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Improving the gene pool

The most memorable classroom presentation I ever witnessed was at UC-Berkeley in the spring of 1980. Notice I didn’t say “lecture.” That word can be off-putting.

I sat in on J.B. Jackson’s class on the American landscape. Jackson had invented the academic field of cultural landscape studies and was surely one of the most charismatic and effective teachers in the history of education. I’m told Vincent Scully at Yale was Jackson’s match.

The amphitheater might have held 200, but slightly less than half the seats were occupied that morning. Jackson spoke from stage right, near a laboratory table, and thralled us for about forty-five minutes without slides or any other illustration. Only at the end, the lecture safely concluded, did he append a half dozen grainy slides taken from a moving vehicle in a dust storm. But the immediacy of those frozen moments only reinforced what we had just heard. His words had conjured better images than a Kodak carousel would have feebly cast on any available flat surface.

Jackson’s topic that morning? The county fair. I think of it today as a friend reveals he has taken on the design of Fennimore county’s fairgrounds.


The country fair–contrasted with city fetes and festivals–was a place to display our prowess in horticulture and husbandry. But, more important than blue ribbons and bragging rights, it was a marketplace for improved crops and livestock. Seed was traded and sold. Male animals were put to stud; females sold to the highest bidder. Knowledge, too, passed among the crowd: tips on planting, erosion and pest control. The result was a mixed blessing. The gene pool did indeed improve, but at the cost of biodiversity–a lesson we are learning at our peril in the 21st century.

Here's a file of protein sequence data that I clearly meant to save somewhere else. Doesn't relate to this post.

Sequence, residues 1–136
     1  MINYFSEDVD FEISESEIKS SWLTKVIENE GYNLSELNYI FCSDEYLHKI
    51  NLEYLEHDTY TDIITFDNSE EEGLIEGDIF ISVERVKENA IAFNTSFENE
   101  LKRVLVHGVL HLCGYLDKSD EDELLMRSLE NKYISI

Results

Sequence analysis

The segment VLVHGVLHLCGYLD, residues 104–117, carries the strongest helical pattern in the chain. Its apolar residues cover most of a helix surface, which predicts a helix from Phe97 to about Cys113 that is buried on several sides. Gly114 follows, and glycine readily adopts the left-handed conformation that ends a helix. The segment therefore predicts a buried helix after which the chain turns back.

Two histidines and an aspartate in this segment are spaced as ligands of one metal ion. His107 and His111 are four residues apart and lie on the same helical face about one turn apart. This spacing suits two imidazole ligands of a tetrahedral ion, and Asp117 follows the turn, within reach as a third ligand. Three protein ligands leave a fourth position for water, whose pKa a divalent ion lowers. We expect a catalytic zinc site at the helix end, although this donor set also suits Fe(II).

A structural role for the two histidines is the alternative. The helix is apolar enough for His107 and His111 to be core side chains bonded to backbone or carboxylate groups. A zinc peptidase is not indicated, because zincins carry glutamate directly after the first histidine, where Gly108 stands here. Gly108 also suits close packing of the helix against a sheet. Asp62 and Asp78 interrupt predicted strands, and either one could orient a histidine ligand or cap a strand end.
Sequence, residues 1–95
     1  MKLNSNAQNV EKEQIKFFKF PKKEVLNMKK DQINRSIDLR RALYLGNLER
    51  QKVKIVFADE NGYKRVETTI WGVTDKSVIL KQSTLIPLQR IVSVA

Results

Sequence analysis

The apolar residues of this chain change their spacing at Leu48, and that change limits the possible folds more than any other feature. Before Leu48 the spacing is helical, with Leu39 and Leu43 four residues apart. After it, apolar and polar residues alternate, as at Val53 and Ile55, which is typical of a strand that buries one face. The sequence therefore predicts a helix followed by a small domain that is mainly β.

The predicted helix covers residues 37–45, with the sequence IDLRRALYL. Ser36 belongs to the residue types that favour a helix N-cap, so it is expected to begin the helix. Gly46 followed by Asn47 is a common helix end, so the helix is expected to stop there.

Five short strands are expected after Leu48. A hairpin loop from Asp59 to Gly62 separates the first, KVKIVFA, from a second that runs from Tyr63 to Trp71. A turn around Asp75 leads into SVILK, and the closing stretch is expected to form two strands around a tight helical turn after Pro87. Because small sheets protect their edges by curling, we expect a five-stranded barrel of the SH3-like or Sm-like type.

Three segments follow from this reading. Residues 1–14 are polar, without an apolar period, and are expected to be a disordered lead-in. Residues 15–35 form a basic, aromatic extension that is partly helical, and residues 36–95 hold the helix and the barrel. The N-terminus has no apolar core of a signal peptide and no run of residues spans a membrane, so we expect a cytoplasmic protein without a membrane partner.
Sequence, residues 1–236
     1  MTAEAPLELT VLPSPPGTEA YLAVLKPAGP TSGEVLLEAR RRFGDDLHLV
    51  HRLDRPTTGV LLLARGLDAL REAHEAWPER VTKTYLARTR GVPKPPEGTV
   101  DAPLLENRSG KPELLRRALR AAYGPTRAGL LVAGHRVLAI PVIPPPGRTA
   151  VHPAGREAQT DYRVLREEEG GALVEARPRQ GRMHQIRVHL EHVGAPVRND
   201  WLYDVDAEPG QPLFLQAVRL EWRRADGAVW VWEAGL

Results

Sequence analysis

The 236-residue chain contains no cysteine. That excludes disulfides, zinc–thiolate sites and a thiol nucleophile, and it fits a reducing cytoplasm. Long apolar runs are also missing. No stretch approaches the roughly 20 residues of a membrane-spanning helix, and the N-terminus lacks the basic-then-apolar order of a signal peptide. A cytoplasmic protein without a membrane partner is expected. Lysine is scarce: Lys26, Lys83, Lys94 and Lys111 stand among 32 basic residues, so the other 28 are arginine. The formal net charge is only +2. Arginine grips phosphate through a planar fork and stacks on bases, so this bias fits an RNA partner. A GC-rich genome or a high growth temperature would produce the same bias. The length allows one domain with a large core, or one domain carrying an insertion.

The country fair was a social event as well. Paths crossed that otherwise would not. Conventional wisdom grew in volume and assurance. And human breeding stock improved along with cattle and sheep. In a pre-industrial society, the availability of mates was often limited to the social island of the farmstead and, at best, the parish church and village. Families intermarried in a complex genetic tartan plaid of ever tightening weave. So the dance and other social events enabled marriageable youth to improve their prospects and their progeny. This was as true for medieval England as it was in 19th century Agincourt.

The story of the Fennimore County Agricultural Society will be more complex and nuanced than that. But it is a beginning. And, as Princess Irulan observes at the opening of Dune, “A beginning is a very delicate thing.”

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